- Chinese classics
- Chinese drama (4)
- Qu (Chinese literature) (3)
- Confucius (1)
- Graphology (1)
- Han dynasty, 202 B.C.-220 A.D. (1)
- Inscriptions, Chinese (1)
Type of Item
The Four Cries of the Gibbon
This drama is by Xu Wei (1521–93), a literary writer, painter-calligrapher, and playwright. A native of Shanyin, Zhejiang, Xu Wei used various pseudonyms, among them Qingteng Jushi (Resident of the Green Vine House). Despite his talents and early achievements in painting, poetry, and essay writing, he failed in eight attempts to pass the civil examinations and never achieved a jin shi degree. He served under General Hu Zongxian, the supreme commander of the Jiangsu–Zhejiang–Fujian coastal defense against the Japanese pirates, but lost his post after the general ...
The Four Dreams of Linchuan
Linchuan si meng, also called Yumingtang si meng (The four dreams of the Jade Tea Hall), is a collection of four major dramas by the famed Ming-dynasty dramatist Tang Xianzu (1550–1616): Zi chai ji (The story of the purple hairpin), Nan ke ji (Record of southern bough), Handan meng (Record of Handan), and most famously Mu dan ting (The peony pavilion). These dramas are called dreams, because dreams play a large role in the plot of each. Various editions of this collection appeared during the Ming and Qing dynasties ...
Ten Misidentifications, or Riddles of the Spring Lantern Festival, a New Yonghuaitang Edition
Ruan Dacheng (circa 1587–1646) was a well-known late-Ming poet and dramatist from an influential family in Huaining, Anhui Province, and also a corrupt politician of unsavory reputation. He received his jin shi degree in 1616. While in office, he allied with Wei Zhongxian (1568–1627), a powerful eunuch, and was dismissed after the eunuch’s downfall. He retired to his native town, and later to Nanjing, and began writing poetry and drama. In 1644 he joined the court of the Ming loyalist Southern Ming (1644–62) regime, and rose ...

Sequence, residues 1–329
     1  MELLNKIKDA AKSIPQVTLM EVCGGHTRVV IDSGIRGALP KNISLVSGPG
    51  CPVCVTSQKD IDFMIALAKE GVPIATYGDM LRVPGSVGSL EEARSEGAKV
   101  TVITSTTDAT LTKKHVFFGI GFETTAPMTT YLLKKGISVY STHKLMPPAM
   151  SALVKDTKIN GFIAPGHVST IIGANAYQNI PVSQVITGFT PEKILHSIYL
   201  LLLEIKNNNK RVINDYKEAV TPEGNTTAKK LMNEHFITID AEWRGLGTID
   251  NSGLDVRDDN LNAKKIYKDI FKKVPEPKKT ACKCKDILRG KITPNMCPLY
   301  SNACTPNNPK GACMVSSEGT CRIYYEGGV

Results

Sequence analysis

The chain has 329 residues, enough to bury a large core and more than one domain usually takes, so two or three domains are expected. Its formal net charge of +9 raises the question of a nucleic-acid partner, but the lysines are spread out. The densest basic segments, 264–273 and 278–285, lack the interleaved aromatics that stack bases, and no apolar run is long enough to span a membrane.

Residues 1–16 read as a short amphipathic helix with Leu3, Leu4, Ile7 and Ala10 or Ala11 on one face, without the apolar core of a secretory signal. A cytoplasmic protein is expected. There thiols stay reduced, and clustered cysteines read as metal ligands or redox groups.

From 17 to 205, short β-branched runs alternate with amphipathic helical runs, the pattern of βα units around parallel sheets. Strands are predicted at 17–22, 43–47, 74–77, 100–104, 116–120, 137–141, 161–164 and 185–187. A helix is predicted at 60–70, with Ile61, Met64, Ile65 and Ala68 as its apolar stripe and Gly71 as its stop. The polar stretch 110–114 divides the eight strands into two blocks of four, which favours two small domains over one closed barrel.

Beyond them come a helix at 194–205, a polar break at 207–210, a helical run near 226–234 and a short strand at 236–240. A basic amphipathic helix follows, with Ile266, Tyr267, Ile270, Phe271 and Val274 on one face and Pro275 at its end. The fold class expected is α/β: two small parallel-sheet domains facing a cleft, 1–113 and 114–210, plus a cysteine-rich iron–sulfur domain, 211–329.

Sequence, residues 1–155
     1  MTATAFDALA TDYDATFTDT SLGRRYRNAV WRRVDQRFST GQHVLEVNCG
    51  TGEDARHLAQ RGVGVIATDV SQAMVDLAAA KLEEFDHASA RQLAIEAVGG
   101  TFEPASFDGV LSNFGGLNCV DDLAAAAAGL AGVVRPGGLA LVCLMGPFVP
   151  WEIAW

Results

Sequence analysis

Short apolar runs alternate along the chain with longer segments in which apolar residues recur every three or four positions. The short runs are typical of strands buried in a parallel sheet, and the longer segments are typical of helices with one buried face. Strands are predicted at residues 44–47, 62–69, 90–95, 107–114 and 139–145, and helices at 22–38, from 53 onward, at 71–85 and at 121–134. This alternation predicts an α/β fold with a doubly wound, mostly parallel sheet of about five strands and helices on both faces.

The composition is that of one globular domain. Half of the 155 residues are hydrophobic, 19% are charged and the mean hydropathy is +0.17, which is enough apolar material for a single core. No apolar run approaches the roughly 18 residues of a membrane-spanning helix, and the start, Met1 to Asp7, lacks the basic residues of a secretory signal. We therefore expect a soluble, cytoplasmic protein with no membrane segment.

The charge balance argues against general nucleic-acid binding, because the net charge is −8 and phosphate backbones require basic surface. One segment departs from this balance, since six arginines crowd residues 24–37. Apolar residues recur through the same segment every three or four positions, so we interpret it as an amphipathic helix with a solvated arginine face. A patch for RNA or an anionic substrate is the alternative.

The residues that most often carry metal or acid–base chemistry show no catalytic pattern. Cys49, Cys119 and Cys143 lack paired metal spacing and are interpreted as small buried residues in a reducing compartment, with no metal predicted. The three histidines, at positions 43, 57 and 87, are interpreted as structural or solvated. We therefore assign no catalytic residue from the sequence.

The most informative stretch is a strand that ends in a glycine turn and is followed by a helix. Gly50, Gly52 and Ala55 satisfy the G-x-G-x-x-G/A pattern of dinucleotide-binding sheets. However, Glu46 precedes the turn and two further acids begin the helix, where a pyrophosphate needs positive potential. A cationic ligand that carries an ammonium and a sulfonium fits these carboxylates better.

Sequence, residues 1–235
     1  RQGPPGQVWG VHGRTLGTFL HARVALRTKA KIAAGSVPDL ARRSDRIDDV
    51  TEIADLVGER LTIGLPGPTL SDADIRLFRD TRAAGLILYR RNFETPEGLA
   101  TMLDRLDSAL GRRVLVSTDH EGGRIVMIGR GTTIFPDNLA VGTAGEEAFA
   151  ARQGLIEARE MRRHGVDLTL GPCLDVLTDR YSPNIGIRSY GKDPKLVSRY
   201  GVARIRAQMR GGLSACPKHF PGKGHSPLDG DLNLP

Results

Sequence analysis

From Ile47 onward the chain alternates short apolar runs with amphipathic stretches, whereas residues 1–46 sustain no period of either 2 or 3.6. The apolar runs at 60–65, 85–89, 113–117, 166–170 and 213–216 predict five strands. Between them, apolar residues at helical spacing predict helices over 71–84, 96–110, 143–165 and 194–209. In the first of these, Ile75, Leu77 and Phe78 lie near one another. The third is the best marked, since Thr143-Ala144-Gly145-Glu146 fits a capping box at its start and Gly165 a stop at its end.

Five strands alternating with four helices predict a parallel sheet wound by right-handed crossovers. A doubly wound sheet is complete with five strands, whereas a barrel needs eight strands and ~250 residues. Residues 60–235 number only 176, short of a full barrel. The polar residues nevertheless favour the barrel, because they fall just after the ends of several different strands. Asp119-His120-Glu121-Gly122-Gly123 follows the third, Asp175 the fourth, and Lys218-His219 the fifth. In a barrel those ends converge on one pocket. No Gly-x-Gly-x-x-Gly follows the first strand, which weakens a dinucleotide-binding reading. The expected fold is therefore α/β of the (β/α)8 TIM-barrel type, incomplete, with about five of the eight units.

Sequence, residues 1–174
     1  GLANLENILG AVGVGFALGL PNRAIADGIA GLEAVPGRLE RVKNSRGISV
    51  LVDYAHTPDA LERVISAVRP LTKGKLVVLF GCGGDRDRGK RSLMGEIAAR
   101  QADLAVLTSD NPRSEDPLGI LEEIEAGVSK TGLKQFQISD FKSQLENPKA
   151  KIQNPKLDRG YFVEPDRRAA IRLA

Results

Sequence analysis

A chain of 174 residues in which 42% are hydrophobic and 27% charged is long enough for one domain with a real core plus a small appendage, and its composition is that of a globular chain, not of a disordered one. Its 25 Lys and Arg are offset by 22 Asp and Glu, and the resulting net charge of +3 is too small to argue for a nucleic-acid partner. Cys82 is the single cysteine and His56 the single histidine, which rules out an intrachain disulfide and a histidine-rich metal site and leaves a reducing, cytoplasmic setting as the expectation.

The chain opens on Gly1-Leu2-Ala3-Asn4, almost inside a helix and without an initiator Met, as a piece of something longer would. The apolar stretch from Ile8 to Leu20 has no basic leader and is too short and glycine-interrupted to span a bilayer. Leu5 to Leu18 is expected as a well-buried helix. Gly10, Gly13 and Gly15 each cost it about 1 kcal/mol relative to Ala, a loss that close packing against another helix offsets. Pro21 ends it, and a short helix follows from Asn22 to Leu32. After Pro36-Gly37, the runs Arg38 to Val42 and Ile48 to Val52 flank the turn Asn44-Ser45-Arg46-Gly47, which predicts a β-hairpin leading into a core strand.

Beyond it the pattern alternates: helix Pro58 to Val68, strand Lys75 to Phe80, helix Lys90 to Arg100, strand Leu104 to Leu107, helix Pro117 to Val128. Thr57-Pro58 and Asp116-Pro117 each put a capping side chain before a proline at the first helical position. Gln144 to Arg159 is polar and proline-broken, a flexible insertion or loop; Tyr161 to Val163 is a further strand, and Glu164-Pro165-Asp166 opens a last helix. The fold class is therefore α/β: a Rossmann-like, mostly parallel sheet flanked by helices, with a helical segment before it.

A Romance at a Post-House
Qing you chuan qi (A romance at a post-house), also known as Qing you ji, is a play in two juan, written by Wu Bing (1595–1647), a famed late-Ming playwright from a family of officials in Changzhou. After achieving his jin shi degree, Wu Bing assumed the post of magistrate of Puqi, Hubei Province. Among his other posts were assistant superintendent of education in Jiangxi and service in the Bureau of Rivers and Canals, the Ministry of Works. He was known as an able, just official, but he later ...
The Xiping Stone Classics
These engravings of the seven Confucian classics were set up outside the National University Gate, located on the south side of Loyang, the capital city, in the Eastern Han dynasty. They were created between 175 and 183, after Cai Yong and a group of scholars successfully petitioned the emperor to have the Confucian classics carved in stone in order to prevent their being altered to support particular points of view. They are also called the “Han Stone Classics” and the “Single-Script Stone Classics." The seven classics -- The Book of Changes ...